The San Francisco bank’s ban was enacted back in January and attracted international attention. Many saw it as a sign that alternative finance, and p2p lending specifically, had matured to the point that it posed a direct challenge to the banks. Wells Fargo told employees that p2p sites raised conflicts of interest since they compete against the banks in the business of lending money. Now this short-lived but notorious ban has been lifted.
Wells Fargo spokesperson Ruben Pulido explained that the ban was not designed to prohibit investing via p2p lending platforms – but rather to forbid investments in the platforms for an equity stake:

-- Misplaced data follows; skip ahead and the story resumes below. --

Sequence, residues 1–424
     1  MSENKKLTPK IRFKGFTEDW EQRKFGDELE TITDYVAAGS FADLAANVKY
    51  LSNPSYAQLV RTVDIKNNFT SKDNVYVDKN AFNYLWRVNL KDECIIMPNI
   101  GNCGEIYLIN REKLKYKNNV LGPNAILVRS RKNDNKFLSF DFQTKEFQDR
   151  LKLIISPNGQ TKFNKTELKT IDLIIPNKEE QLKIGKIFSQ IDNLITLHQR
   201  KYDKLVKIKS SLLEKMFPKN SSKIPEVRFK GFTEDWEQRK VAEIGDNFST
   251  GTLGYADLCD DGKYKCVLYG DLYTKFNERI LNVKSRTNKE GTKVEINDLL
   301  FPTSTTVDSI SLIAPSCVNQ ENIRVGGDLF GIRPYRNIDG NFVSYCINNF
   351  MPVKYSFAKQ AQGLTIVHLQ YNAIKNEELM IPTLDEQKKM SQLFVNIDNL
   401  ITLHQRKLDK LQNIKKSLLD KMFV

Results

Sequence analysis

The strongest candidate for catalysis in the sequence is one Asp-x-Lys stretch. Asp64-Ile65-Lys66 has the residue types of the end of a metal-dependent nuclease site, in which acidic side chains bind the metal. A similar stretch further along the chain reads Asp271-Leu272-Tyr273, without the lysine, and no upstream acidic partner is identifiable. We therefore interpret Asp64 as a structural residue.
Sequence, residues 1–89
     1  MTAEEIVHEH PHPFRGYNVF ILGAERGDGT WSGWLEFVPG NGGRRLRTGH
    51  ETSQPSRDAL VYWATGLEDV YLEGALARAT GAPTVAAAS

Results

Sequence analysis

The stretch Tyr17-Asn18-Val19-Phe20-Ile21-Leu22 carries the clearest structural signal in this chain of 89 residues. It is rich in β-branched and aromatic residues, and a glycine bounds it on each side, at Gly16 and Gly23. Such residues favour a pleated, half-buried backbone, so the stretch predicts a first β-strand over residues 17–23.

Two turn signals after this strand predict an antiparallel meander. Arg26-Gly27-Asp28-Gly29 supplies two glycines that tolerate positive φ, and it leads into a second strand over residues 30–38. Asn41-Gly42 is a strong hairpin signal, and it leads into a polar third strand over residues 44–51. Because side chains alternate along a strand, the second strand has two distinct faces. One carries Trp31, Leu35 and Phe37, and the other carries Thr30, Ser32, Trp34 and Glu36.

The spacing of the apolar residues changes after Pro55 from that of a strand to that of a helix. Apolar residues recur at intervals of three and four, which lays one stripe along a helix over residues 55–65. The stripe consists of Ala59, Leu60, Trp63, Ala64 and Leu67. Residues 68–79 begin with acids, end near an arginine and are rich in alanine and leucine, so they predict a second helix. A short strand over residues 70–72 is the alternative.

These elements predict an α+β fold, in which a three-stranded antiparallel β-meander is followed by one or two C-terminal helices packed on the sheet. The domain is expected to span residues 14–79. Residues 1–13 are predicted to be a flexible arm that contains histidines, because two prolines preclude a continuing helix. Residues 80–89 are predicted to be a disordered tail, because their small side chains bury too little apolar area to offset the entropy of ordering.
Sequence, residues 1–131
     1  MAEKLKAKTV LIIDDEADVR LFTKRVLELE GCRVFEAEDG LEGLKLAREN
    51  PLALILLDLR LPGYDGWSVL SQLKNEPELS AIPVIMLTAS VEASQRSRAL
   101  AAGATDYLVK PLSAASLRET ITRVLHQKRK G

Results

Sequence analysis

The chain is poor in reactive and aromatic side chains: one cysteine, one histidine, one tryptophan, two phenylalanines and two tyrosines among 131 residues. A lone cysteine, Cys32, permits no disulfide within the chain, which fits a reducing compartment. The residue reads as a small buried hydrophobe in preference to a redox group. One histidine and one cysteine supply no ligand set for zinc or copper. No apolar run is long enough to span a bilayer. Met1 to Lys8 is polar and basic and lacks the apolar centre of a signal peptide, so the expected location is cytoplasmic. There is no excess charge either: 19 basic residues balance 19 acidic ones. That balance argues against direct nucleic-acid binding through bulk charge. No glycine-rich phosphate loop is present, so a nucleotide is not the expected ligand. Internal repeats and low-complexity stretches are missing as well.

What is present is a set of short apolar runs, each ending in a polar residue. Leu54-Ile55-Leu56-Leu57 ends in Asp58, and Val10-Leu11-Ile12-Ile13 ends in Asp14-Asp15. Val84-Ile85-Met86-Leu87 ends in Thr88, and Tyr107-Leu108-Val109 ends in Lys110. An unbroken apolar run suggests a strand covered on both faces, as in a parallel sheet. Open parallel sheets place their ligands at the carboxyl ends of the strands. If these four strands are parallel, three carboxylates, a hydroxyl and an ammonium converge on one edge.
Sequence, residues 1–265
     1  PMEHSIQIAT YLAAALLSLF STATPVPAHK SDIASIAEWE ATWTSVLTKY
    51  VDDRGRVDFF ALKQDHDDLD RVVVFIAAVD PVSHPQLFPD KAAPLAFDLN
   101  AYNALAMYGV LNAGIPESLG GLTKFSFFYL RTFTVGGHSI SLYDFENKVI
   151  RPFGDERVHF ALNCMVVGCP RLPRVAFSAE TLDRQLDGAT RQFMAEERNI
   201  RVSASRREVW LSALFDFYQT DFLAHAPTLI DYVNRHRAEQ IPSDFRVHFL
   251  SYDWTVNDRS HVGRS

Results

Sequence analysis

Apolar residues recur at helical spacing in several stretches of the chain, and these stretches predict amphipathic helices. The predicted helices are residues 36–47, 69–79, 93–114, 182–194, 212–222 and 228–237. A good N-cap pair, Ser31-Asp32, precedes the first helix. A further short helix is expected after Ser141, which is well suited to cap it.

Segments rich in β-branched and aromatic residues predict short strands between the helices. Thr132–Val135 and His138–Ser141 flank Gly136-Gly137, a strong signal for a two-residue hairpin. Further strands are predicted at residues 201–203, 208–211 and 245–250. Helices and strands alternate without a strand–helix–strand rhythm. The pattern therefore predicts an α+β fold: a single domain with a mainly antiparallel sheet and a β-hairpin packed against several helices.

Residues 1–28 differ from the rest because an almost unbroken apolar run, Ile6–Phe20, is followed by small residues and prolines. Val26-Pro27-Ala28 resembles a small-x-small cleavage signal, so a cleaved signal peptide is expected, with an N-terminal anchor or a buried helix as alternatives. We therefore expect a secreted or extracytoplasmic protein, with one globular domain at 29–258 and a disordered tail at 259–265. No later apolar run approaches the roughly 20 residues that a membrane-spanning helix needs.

"The original guidance given to team members was based on investing in the equity of a P2P lending company.
"After conducting a careful review of the current P2P market, we do not view our team members making P2P debt security investments as inconsistent with our code of ethics.
"The P2P market is not uniform, and is evolving and expanding rapidly. We will continue to review our guidance as the market evolves."
A hasty retreat from January’s edict. Whatever Wells Fargo’s original intentions, it is unlikely that the p2p sector will soon relinquish the idea of the ban as a eminently defensive measure.